In our socially-distant new normal, the living room has become the office. The backyard has become the gym. And the internet has become the only channel through which we can create and maintain deep connections to the outside world.
Now, I know what you’re probably thinking: the internet as a primary space for deep connections? It seems pretty contradictory. Social media and other online channels are usually supplements to in-person interactions, a way to form quick, surface-level connections with target audiences. But now that online interactions are one of the only ways that we can safely engage with one another, they have become integral to forming and maintaining a sense of community.
This new need for online community has changed virtual habits: When people go online, they're now searching for something more interactive. According to Nielsen Games tracking, engagement in video games is at an all-time high and still climbing every week. Nielsen’s research says 82 percent of consumers played video games and watched video game-related content at the height of quarantine, and “Animal Crossing: New Horizons” sales remained impressive in June. In March and April, Google searches for remote “watch party” apps spiked as Netflix parties became the new movie nights. And as people continue to search for a creative escape from reality, they’re turning to TikTok to see and try the latest video challenges.
As PR professionals, we know that authentic connections come from a level of interaction beyond liking a post and scrolling on to the next viral tweet. So how can we create content that’s not only engaging but rejuvenating and motivating to our audiences, who now more than ever are turning to the internet for connection?
It’s time to get creative with how we build community online. Instead of just bringing people to our content, we need to think about how we can bring people together through it. Here are a few ideas.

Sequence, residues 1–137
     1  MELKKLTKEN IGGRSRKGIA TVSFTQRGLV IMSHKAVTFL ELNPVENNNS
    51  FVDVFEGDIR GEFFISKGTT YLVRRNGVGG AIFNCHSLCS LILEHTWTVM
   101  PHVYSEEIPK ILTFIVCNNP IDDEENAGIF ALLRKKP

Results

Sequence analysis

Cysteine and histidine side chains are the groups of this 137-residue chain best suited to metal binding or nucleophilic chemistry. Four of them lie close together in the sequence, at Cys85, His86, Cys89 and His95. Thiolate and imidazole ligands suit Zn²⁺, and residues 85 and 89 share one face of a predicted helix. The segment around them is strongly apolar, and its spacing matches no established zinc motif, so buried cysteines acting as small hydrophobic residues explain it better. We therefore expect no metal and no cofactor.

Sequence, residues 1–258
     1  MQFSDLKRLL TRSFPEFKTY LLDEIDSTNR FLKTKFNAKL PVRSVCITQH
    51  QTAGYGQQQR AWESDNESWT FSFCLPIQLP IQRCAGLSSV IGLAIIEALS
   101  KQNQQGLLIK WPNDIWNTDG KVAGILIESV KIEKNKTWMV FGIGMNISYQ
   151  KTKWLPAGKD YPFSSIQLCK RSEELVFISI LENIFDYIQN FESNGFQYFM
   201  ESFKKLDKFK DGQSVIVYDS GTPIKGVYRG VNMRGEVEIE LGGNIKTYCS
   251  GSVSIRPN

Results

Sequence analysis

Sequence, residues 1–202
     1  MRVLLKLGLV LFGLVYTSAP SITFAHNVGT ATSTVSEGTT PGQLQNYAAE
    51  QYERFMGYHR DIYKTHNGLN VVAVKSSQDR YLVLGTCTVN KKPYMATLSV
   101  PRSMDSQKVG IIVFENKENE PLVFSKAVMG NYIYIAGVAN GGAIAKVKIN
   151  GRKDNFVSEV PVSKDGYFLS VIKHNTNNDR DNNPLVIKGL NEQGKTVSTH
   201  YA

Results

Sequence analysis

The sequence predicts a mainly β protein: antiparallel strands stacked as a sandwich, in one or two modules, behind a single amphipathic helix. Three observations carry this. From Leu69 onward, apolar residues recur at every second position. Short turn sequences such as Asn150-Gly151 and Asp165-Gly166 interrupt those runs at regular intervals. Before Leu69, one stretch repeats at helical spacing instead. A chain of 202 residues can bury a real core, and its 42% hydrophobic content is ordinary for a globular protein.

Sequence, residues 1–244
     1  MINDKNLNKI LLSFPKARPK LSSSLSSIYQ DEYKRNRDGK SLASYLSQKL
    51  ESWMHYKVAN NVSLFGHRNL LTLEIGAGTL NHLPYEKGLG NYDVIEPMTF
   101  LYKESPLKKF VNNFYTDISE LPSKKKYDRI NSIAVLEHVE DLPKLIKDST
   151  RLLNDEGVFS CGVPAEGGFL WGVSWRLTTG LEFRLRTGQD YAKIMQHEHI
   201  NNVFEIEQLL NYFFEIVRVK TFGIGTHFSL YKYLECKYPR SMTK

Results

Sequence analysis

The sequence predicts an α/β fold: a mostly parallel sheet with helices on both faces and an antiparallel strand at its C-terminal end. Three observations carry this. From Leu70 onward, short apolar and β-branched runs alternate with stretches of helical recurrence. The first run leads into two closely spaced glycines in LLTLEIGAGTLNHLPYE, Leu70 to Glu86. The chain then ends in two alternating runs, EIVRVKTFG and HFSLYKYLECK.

1. Create avenues for action on a social issue that your company is actively fighting against.
Now more than ever, people are searching for a way to contribute to a cause larger than themselves from quarantine. We’ve seen the power of this desire for greater purpose to engage audiences and make change in the resurgence of the Black Lives Matter movement on social media, and the subsequent mobilization of millions to fight for justice and equal rights. Set up avenues for audiences to engage with your company on social justice issues and make a difference.
2. Make a video, podcast or series of posts out of audience submissions.
Give your audience a stake in your multimedia content by asking for submissions from them for your next promotional video or public service announcement. This “Some Good News”-style approach will keep audiences engaged and wondering if you’ll use their submission, and will likely make the content more relatable, too.
3. Give your audience choices.
Provide a sense of comfort and control to audiences by creating choices in your content. Interactive video programs like Eko Studio help corporations make “choose-your-own-adventure” style videos that can do just that. And while you’re at it, incorporate another call-to-action for a cause that your company is passionate about.
4. Host virtual events.
Fill up the notifications in your audience’s calendar apps by hosting a virtual book club with a special guest that they’ll love, or an online speaker series or industry festival. It won’t be the same as meeting in person, but it offers an opportunity for a deeper connection than most posts will.
Now, more than ever, audiences are hyper-aware of the potential that online interactions hold — and what they may have been lacking in the past. When so many eyes are glued to screens, we can use this time to change the way that we see online audience engagement and focus on authenticity and community-building instead of surface-level views and likes.
Zazu Lippert is the current Noemi Pollack Scholar at the USC Annenberg Center for PR. She is a junior majoring in public relations, with minors in digital studies honors and music production, and is a producer of the #PRFuture podcast and a managing editor at Annenberg Media.